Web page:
By Toby Helm
The Observer, September 2, 2012
"Archbishop Desmond Tutu has called for Tony Blair and George Bush to be hauled before the international criminal court in The Hague and delivered a damning critique of the physical and moral devastation caused by the Iraq war. Tutu, a Nobel peace prize winner and hero of the anti-apartheid movement, accuses the former British and US leaders of lying about weapons of mass destruction and says the invasion left the world more destabilised and divided 'than any other conflict in history'. Writing in the Observer, Tutu also suggests the controversial US and UK-led action to oust Saddam Hussein in 2003 created the backdrop for the civil war in Syria and a possible wider Middle East conflict involving Iran. 'The then leaders of the United States and Great Britain,' Tutu argues, 'fabricated the grounds to behave like playground bullies and drive us further apart. They have driven us to the edge of a precipice where we now stand -- with the spectre of Syria and Iran before us.' But it is Tutu's call for Blair and Bush to face justice in The Hague that is most startling. Claiming that different standards appear to be set for prosecuting African leaders and western ones, he says the death toll during and after the Iraq conflict is sufficient on its own for Blair and Bush to be tried at the ICC. 'On these grounds, alone, in a consistent world, those responsible for this suffering and loss of life should be treading the same path as some of their African and Asian peers who have been made to answer for their actions in The Hague,' he says.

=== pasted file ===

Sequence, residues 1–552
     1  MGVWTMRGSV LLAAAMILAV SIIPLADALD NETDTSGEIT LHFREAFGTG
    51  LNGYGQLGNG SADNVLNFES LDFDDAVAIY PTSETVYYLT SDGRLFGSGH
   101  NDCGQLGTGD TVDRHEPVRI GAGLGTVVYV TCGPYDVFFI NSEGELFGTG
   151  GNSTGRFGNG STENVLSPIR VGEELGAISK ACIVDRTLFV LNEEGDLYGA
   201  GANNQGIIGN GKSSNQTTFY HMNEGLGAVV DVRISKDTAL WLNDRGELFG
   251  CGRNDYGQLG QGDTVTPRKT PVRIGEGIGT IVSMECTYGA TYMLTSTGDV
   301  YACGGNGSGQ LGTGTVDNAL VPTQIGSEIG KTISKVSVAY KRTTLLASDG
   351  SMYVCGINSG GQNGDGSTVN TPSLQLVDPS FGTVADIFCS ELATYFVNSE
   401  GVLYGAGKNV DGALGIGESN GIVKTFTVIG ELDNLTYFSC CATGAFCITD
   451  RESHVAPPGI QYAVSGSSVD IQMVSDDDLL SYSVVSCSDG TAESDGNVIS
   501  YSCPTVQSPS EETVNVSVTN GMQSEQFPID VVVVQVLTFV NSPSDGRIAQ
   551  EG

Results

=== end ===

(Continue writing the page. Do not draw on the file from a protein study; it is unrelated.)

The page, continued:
Libya / Violence against Sufis

Islamists Attack Libyan School, Mosques in Challenge to NATO-installed Government
By Mel Frykberg
McClatchy Newspapers, August 29, 2012
"An estimated 200 heavily armed Islamists destroyed 30 graves at a historic Turkish school in Tripoli's old city early Wednesday and an unspecified number of other mosques also were attacked, further signs that Libya's NATO-installed government is facing a major challenge from extremists less than a month after the first elections in this country in 50 years. Details of the destruction at the Othman Pasha Madrassa, a boarding school, were sparse, but school staff said the attackers also damaged as many as 1,000 books they found on the premises and destroyed a tree that the attackers said people had been worshipping in contravention of Islamic teachings. The attack at the school, which was founded in the 19th century by a Turkish official who is now buried there along with members of his family, was another in a string of assaults that have targeted mosques and other sites associated with Sufism, a mystical brand of Islam that some conservative Muslims consider heretical. On Tuesday, Libya's interior minister, Fawzi Abdel Al, said that heavily armed Islamists posed a serious threat to Libya's security. He said he was withdrawing the resignation that he'd tendered after the General National Congress, the elected assembly that now rules Libya, criticized him for failing to protect several Sufi shrines and mosques that were destroyed over the weekend.